Fortunately, the scenery was changing into lots of beachside shops, bars and more spectators. This helped with the motivation. I could feel my pace slowing now, and I had to really push to keep moving. 7:20s was all I could do now, and I did fall off pace about a minute on the final 5k.
Finally, I could see the beach park where we would finish. I started smiling, and couldn’t stop. This was going to be about a 15 minute PR!
I turned into the last stretch and could hear Damien and Kara screaming in excitement. I tried to pick it up, but I think I just finished steady in 3:07. I was handed the biggest medal I’ve ever seen, and then went straight to the port o’ potty.
I found my friends and was able to watch Sarah finish in an amazing BQ performance that gave me goosebumps. She trained incredibly hard for this race, and being new to marathons we knew that a BQ would be a stretch goal. But she did it and it was just awesome to bear witness to that. I almost cried, and I am not an emotional type!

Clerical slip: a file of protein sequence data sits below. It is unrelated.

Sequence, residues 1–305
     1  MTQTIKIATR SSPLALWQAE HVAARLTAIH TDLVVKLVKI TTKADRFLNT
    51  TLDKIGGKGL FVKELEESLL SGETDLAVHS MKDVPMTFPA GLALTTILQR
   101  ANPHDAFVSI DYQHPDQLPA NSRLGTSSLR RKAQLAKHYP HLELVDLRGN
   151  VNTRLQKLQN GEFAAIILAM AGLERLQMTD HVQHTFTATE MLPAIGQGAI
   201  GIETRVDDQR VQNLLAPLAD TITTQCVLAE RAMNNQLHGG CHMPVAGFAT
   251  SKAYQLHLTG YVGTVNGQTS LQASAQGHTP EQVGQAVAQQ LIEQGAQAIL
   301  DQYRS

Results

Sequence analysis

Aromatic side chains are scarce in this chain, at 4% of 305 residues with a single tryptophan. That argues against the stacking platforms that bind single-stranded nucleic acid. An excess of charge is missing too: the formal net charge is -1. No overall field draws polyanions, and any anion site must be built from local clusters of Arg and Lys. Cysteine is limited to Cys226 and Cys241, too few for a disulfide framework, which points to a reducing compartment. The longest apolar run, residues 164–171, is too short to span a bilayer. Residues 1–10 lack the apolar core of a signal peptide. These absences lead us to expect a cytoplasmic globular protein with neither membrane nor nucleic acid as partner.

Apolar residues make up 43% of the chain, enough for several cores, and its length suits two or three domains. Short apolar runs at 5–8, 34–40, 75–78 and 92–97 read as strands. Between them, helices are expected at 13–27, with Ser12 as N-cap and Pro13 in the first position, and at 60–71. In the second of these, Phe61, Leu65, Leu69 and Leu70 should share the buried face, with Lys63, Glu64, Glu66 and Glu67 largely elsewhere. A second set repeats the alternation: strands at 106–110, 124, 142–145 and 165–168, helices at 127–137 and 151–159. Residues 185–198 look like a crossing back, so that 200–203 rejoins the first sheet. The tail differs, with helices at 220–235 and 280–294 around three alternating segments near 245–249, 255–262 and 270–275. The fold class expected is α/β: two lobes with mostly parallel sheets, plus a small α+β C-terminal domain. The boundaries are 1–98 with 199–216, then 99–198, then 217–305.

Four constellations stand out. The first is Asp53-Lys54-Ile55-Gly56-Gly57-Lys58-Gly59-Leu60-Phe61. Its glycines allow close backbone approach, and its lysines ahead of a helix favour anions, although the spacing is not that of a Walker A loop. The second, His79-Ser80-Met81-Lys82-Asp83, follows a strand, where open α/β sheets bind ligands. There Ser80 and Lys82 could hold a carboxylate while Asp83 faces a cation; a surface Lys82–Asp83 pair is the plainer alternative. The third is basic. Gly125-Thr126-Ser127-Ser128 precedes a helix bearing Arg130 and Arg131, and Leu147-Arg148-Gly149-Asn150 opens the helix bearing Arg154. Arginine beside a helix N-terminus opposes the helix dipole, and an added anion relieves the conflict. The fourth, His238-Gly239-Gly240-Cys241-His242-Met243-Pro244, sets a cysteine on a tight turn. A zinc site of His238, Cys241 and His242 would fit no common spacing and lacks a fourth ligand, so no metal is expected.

Damien was also super excited about his half. He picked up the final miles to finish in 1:32 and loved every second of it. Kara had really enjoyed the half too, despite battling some injuries.
We watched our other teammate Bo come to the finish with a huge smile too. His goal was to break four hours, and he ran a 3:57. That was about a half hour PR for him. What an exciting day!
Afterward, we all hung out (along with other friends Grae and Gilly who also had big days.) This race has the best finish line atmosphere of any race I have ever done. It is right on the beach, with palm trees and ocean backdrop. The sun and the temps were perfect to prevent that typical post-race chill.
After collecting our awards, Sarah and I decided to walk the 1.2 miles home. The sand and ocean water in our toes felt amazing, and was the perfect way to end a perfect morning. I also managed to get lost trying to cut through a huge parking garage, so that was fun 28 miles into my day. There was no cursing or anything. Damien hitched a ride home and was chilling by the pool by the time I arrived.
I would hands down do this race again, but I don’t know if we would get so lucky again with the weather. At any rate, it made me realize that maybe the marathon is my distance, and it would be fun to buckle down and do another one later this year. We’ll see what happens.
I am not usually one to write race reports, but since this has been a long time goal I want to get it in print before I start forgetting the details.
Although I focused on triathlons this season, I had some solid races this spring (1:30:33 at Carmel, and 1:30:47 at Derby) so I knew that I was knocking on the door.